It is now standard practice to proclaim that “The Thick Of It” is the Yes, Minister of the noughties, and that’s a fair assessment, but it’s more than that.
For a start, the exceptionally strong language in it has to be mentioned as a a) warning to fans of the more genteel humour of Yes, Minister, but also b) because its use is so creative that it has become a defnitive creative comedy feature in its own right.
The basis is that it is set in the minister’s office at the Department of Social Affairs and Citizenship (DoSAC) and follows the attempts by two emotionally shattered nervous wreck New Labour ministers and their staff to craft and communicate “initatives” under the watchful eye and vicious tongue of Downing Street enforcer, Malcolm Tucker, who becomes the de facto star of the show with his vitriol, menace and extraordinary turn of phrase (“Working hard? I’m working so hard I’m sweating spinal fluid here!”)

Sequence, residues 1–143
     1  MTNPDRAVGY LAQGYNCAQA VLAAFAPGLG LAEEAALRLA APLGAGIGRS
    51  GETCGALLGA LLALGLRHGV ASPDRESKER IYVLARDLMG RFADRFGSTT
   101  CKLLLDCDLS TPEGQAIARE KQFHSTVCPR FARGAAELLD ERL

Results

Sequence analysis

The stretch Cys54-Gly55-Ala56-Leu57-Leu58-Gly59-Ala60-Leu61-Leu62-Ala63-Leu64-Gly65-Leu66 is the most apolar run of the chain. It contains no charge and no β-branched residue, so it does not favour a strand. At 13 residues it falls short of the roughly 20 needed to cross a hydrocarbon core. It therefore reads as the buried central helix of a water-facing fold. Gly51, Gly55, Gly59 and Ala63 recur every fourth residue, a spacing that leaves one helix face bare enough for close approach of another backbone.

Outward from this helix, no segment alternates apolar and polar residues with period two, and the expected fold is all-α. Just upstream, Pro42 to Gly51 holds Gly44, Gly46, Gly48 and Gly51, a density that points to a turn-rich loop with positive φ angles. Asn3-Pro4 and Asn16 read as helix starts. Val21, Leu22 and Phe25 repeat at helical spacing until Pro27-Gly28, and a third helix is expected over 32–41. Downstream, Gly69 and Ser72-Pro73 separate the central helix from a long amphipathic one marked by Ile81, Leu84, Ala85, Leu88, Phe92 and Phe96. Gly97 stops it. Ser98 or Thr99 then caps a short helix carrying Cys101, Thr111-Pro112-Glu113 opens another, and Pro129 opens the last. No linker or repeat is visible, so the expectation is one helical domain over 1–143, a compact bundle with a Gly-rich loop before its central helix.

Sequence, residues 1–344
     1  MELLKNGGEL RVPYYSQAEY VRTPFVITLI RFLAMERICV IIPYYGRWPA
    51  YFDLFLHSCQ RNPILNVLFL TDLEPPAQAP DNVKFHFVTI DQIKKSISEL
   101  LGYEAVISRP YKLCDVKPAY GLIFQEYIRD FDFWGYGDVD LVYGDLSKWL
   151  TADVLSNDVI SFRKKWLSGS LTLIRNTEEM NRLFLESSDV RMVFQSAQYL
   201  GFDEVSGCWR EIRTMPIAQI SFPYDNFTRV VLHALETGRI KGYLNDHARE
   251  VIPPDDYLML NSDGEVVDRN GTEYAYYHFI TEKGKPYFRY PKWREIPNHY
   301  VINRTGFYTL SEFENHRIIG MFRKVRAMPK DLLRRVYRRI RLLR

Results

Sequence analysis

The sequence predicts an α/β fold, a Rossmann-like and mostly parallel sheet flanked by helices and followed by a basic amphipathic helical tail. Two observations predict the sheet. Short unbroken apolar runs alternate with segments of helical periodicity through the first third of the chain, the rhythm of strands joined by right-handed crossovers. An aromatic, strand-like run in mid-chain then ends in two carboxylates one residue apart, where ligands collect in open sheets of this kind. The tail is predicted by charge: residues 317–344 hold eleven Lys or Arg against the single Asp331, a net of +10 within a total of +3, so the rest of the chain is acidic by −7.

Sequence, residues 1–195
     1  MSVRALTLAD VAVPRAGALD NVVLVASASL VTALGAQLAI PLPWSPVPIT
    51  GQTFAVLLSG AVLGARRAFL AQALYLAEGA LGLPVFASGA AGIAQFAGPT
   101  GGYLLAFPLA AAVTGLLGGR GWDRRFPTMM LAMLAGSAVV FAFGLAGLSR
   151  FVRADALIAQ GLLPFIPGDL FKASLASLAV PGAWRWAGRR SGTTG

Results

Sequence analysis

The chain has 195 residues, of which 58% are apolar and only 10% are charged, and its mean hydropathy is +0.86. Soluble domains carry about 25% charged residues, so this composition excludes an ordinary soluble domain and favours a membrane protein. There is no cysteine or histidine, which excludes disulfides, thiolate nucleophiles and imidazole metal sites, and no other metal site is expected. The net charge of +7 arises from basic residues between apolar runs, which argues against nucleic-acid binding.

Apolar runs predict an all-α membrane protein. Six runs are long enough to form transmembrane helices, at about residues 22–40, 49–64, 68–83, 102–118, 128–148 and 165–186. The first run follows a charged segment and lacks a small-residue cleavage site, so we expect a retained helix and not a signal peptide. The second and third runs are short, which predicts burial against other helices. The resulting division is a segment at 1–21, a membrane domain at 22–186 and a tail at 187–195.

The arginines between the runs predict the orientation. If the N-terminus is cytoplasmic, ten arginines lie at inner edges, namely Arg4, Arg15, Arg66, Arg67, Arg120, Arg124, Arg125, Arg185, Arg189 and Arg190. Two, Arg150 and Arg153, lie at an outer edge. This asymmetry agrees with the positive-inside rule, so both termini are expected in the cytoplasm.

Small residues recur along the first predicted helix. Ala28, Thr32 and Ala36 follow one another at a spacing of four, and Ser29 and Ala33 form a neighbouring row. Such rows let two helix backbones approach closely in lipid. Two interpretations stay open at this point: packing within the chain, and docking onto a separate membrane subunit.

Aside from Peter Capaldi’s masterclass as Tucker, the tone of the show is fascinating to political anoraks as an all-too-real parody of New Labour’s obsession with message control, whereby the minister and his/her staff are literally making policies up on the hoof to react to the whims of newspaper editors. It’s very funny, and not a little too close for comfort.